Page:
Posters & Presentations
The Verhulst-group is embedded in the Laboratory of Entomology, Plant Sciences Group, Wageningen University. Our work is in the field of evolutionary developmental biology with a focus on the evolution of sex determination and differentiation in insects. In addition, the PI collaborates on biocontrol focused projects.
The appearance of both sexes from the same species is often highly diverse; sometimes it is even hard to tell whether a male and a female belong to the same species at all! Insects are one notable class of organisms that showcase extreme differences between sexes, called sexual dimorphism. In addition to their diverse appearances, insects also have an astounding diversity in their molecular pathway that determines the sex during early development, the sex determination cascade. This variation is unexpected as the net result is always the same: male or female development.
All insects studied have the same gene, called
, that regulates their sexual development and morphology.
is a transcription factor and responsible for regulating all the different sexually dimorphic traits that can be observed in nature. However, we still have limited understanding of the molecular mechanisms that underlie the huge dimorphic differences that we can see in insects. Do genes come and go, or do all insects have more or less the same set of genes and is there a difference in the regulation of these genes?
Over 40 years ago, King and Wilson reported that enormous differences in phenotype and behaviour are often not due to differences in protein sequence. They discovered that the evolution of gene regulation is a key player in adaptation and speciation. We have now gained first insights into this regulatory evolution and its players, but we are a long way from having a comprehensive understanding of the relation between transcription factor protein evolution and the continuously changing genetic architecture of their binding sites that regulate target gene expression.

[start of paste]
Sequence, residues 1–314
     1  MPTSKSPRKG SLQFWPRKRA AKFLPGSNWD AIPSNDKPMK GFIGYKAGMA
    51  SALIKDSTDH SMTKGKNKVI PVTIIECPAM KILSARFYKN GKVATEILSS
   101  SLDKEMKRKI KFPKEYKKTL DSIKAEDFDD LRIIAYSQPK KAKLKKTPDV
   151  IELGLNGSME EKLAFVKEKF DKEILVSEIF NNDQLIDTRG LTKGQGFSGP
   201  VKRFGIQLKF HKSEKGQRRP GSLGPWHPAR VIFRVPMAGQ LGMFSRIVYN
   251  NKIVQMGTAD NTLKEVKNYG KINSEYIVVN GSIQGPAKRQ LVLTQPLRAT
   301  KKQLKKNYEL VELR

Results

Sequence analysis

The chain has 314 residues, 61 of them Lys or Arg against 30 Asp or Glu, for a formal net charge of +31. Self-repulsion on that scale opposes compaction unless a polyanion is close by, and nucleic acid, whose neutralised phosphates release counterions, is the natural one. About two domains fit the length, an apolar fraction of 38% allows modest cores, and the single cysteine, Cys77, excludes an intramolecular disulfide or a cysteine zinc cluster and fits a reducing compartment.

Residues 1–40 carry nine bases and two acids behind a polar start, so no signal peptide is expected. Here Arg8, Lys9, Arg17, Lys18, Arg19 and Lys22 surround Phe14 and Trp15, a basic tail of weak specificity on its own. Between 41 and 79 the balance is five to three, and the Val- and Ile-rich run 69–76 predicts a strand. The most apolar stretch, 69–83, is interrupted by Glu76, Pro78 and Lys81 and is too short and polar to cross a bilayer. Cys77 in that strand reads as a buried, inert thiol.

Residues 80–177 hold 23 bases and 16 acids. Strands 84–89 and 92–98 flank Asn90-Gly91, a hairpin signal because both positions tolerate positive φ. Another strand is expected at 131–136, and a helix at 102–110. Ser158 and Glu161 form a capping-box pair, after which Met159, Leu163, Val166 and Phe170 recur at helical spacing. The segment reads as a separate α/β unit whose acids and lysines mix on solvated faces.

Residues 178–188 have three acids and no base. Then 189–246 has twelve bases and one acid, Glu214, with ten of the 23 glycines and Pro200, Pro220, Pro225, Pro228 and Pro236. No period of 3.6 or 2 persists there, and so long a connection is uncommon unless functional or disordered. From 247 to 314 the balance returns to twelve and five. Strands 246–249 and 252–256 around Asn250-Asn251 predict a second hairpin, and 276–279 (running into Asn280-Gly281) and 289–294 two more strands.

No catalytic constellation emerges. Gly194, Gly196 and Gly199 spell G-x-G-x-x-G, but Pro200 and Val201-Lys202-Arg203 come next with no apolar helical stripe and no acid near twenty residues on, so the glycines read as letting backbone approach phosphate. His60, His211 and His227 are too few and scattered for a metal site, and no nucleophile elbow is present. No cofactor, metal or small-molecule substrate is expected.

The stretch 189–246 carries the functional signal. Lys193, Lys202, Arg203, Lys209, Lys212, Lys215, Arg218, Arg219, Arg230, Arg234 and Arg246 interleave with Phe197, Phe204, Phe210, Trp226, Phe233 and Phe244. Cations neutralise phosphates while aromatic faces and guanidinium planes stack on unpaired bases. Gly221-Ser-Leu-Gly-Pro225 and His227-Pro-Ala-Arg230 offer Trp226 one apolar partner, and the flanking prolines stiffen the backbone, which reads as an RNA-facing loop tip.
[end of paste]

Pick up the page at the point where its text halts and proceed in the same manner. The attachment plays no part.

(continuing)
In our research we aim to get a deeper understanding of the way evolution shapes molecular pathways that result in a bewildering biodiversity. Our main research interests are:
unraveling the evolution of
sex determination cascades,
an important developmental pathway; to understand the enormous diversity in sex determining mechanisms throughout the animal kingdom.
the interaction of
with its target genes,
the highly conserved transcription factor at the bottom of the cascade, to understand how this ultimately result in rapid evolution of sexual dimorphic traits.
understanding challenges in polyploid evolution,
by comparing a decade-old polyploid
line with newly created polyploid lines by clever use of sex determination mutants.
In addition, we are involved in the fundamentals of using parasitoid wasps in biological control and integrated pest management.
We are happy to have funding from:
NWO Open Competition Domain Science – KLEIN-2
NWO VIDI personal grant
20 January 2022
Four papers were accepted in the last few weeks, see
10 Jan 2022
Jade van Doorn starts her MSc thesis in our lab
12 November 2021
Julien presents his selected talk at the Dutch Chromatin Meeting 2021 on maternal silencing in
25 October 2021
Keita Yamaguchi starts his Capita Selecta project in our lab
5 October 2021
Yidong Wang succesfully defended his thesis entitled: "Controlling sex - evolution of sex determination, sexual
differentiation and endosymbiont-induced asexual reproduction in three parasitoid wasps" at WUR
14 & 23 September 2021
Karthick Gayendiran and Gabriel Charvalakis succesfully defend their MSc thesis
9 September 2021
Aidan will present his work on the
regulation of pheromone communication and odour-guided behaviour in
wasps at the International Society of Chemical Ecology 2021 conference
9 August 2021
Our review on the development and evolution of a sexually-dimorphic antennal lobe has been submitted to Entomologia Experimentalis et Applicata
3 August 2021
Our paper describing the
is published in PLoS Genetics
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Last updated: 20 May, 2022
Posters & Presentations